century (J. Bridges, Hist. of Northants., II (1791), 163;
VCH Northants., IV (1937), 11; CUAP, 70–LIN259–61;
RAF VAP CPE/UK/1926, 4004–5; see also (10)).
Fig. 47 Easton Maudit (10)
Medieval occupation site
b(10) Occupation Site and Enclosures (SP
892582; Fig. 47), S.E. of the village, on Boulder Clay at
82 m. above OD. Air photographs (in NMR) show a large
rectangular ditched enclosure, respected by the
surrounding ridge-and-furrow. Within and to the W. of it
are cropmarks of ditches and enclosures. The site may be
the extreme S. part of the settlement remains (9) or a
separate medieval site. An excavation, the exact position
of which is unknown, revealed part of a stone-walled
building of 13th-century date, 4.6 m. wide and at least
8 m. long with floors and yards of limestone and pebbles.
Finds included pottery, animal bones and a bronze ring
(Northants. Archaeol., 8 (1973), 20; CBA Group 9,
Newsletter, 3 (1973), 21; Med. Arch., 17 (1973), 181–2,
grid reference incorrect).
b(11) Site of Manor House and Gardens
(SP 88925885; Fig. 48), lies immediately E. of the
church, on Oolitic Limestone at 76 m. above OD. It is
the site of the manor house of Easton Maudit, whose
history has been well-recorded (Arch. J., 6 (1879), 92;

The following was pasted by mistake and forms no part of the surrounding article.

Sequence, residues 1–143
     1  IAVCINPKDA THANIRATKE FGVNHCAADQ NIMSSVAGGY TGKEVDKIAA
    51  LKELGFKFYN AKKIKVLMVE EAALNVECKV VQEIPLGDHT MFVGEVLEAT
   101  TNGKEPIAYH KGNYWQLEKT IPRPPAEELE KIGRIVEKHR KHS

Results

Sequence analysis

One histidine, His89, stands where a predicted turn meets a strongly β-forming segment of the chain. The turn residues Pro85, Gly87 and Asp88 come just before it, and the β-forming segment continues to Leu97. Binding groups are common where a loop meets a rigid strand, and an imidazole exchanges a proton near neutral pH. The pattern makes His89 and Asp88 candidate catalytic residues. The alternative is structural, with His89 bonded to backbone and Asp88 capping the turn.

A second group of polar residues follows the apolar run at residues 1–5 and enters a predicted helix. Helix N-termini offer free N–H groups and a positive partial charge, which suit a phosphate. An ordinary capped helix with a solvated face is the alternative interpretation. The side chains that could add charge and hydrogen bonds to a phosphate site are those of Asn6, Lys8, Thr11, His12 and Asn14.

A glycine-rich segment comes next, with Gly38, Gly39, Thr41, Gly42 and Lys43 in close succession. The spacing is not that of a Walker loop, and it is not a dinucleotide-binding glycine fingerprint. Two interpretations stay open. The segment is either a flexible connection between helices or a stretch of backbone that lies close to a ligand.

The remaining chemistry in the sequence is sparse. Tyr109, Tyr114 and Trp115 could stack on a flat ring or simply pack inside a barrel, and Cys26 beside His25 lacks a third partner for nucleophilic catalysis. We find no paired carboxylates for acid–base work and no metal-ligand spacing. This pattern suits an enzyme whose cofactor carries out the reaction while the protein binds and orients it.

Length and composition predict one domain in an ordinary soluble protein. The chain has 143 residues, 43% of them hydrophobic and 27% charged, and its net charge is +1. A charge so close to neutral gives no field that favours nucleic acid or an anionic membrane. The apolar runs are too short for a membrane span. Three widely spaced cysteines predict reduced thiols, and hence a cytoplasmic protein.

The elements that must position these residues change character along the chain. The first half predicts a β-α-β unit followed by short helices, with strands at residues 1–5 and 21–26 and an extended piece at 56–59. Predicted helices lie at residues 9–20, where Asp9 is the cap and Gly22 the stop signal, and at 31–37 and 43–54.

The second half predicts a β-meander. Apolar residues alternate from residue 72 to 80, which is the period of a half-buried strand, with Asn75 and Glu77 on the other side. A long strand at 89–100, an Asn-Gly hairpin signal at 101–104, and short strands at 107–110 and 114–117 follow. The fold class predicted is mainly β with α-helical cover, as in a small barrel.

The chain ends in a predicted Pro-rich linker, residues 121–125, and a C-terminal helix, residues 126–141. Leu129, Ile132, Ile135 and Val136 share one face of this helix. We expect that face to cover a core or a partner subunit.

Ass. Arch. Soc. Reps., 36 (1921), 95–102; VCH
Northants., IV (1937), 12–14; G. Isham, Easton Maudit,
The house was finally pulled down in 1801, but an
engraving of it in 1721 suggests that it was a late
medieval building, much altered and added to in the early
17th century (BM Add. MS 32467). It was probably
altered and rebuilt by a member of the Yelverton family
which acquired the manor in 1578 and almost certainly
the new work was carried out by Henry Yelverton
(1566–1629). It was a large house and was rated at 43
hearths in the 1673 Hearth Tax Returns (PRO, E179/
254/14). In 1801 the estate passed to the Comptons of
Castle Ashby who then demolished the house.
The remains consist of two distinct parts. On the E.
is a series of indeterminate earthworks forming no
coherent plan and these are probably the site of the
house, which appears to have faced E., arranged around
a small court. To the W. are two long, parallel scarps
0.25 m. high, running E.–W., which are probably the
remains of the garden, presumably of the 17th or 18th
century. To the N.W. is a raised circular area. On the N.
side two rectangular scarped platforms project into the
adjacent field. Further W. across a lane which dates from
after 1840 (NRO, Tithe Map) is a modern arable field
bounded on the W. by a long rectangular pond and with